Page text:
One of the most interesting points of the article is that it discusses a study by Netflix that shows that in 2013, their DVD service will peak and begin declining. As a result, the DVD service will steadily need to increase rates on a decreasing subscriber base in order to support the DVD service's infrastructure. By dividing the company into two, Netflix can afford to one day close up shop on the DVD service without upsetting their focus, which is clearly on streaming.

    steam_sig.png
  • bowenbowen Registered User regular
    End users aren't the concern of shareholders.

    The irony is that this will see another golden age of piracy, which will suck for shareholders. The studios should fear that, as the worst thing in the world for them is for another round of piracy, as each one pushes the tech forward.

    If the pirates ever manage to find a solution that is both anonymous enough to be secure from detection and prosecution and easy enough to be used by the general public, the studios will be fucked.

    This is easy. It's just going to slow down your speed. One could offer hash checks for each block of data in a torrent. Random hash checks by the entire community rather than those involved with the seeding. If the entire community is there together, and some are sharing legally and others are not, but you're still involved in hash checking all content, regardless, the open connections probably aren't going to be too beneficial to anyone unless they tear apart the stream and watch what is up, what is down, which bytes you're getting are data bytes and not verification bytes.

    The problem is designing that protocol to be peer to peer, but, still be able to string trackers together so that you're connected to the community as a whole without centralizing it (where a single cease and desist can take down the entire structure). You also don't want it to be too partitioned where someone can put up a viral tracker and keep it isolated from the master system of peers to catch sharers.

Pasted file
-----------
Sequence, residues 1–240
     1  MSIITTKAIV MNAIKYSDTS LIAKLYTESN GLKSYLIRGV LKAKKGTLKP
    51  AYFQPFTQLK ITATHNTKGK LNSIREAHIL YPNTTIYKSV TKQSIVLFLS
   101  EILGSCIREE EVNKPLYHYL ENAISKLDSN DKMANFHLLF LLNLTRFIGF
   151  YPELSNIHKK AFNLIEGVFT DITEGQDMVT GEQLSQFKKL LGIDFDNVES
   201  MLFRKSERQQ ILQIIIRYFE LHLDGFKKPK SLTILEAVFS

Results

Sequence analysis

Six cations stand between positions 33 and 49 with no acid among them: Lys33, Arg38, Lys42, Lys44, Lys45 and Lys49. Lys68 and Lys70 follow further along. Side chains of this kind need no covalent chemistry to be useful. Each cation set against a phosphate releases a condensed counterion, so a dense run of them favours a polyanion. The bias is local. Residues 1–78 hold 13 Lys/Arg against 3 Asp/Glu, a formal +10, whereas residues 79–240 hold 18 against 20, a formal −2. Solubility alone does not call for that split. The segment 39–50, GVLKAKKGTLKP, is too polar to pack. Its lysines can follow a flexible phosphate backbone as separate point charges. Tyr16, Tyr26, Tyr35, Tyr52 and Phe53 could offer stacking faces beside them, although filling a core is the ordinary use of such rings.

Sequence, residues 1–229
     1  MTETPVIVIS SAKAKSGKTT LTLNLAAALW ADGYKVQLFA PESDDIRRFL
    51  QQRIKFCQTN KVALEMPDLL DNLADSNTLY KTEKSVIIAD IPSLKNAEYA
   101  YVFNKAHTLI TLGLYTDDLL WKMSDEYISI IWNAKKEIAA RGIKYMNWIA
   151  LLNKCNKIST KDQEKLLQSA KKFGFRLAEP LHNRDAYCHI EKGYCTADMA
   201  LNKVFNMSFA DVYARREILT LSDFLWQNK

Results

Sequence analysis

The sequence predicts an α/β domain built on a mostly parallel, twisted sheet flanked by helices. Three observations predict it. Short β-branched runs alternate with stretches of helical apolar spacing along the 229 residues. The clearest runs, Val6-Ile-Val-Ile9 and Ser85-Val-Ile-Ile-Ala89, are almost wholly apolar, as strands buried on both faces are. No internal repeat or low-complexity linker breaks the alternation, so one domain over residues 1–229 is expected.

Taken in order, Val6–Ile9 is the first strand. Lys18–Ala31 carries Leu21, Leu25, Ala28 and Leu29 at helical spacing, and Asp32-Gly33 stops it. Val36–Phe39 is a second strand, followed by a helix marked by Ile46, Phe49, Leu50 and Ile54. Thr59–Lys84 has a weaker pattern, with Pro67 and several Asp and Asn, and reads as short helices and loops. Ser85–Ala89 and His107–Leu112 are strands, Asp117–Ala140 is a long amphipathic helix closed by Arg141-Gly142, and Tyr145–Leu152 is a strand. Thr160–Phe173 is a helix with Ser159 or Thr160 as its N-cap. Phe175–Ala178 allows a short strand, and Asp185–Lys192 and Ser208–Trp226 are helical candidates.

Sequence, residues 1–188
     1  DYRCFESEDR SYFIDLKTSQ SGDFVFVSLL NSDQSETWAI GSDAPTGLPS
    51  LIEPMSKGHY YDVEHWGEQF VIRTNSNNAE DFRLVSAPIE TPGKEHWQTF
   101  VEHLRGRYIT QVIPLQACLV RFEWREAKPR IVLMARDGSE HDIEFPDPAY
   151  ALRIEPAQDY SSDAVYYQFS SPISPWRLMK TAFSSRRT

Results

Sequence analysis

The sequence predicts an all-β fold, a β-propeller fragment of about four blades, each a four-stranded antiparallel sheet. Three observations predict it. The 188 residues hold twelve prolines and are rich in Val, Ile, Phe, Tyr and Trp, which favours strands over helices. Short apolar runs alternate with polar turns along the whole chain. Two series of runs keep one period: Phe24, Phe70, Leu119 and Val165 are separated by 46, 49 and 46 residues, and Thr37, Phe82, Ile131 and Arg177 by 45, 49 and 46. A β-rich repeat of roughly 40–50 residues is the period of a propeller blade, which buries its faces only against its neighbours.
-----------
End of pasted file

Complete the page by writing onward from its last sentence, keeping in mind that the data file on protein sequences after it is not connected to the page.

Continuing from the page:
• enc0reenc0re Registered User regular
    edited September 2011
    emp123 wrote:
    enc0re wrote:
    I'd probably ditch Netflix just as soon as HBO Go would take my money. How about $15 a month? Come on HBO, you know I'm not the only one.

    EDIT: Oh yeah, market fragmentation it is from here on out. As can be evidenced by my post.

    I thought HBO Go was free/included with the HBO subscription? Thats bullshit if its not. Especially since HBO Go is the reason I cant stream The Wire on Netflix and HBO Go isnt available to me because Time Warner Cable hasnt made a deal with HBO yet.

    An HBO subscription would run me quite a bit more than $15/month. For that matter, I don't even have a TV to which I could hook it up. I just want the streaming part to watch on my PC.*

    * 37" monitor, Klipsch reference speakers, Denon receiver. It's not like I'm poor. I just don't see the value in cable subscriptions. That shit is like what: $30/month? No way. I have a mortgage to pay.

    enc0re on
  • StraygatsbyStraygatsby Registered User regular
    I cancelled the streaming 1/2 of my sub last night (had been meaning to since the announcement). The vast majority of streamable stuff is B and C grade junk, TV that is available elsewhere, or classics that I've already seen a thousand times, none of which I really care to pay 7.95 a month to have access to.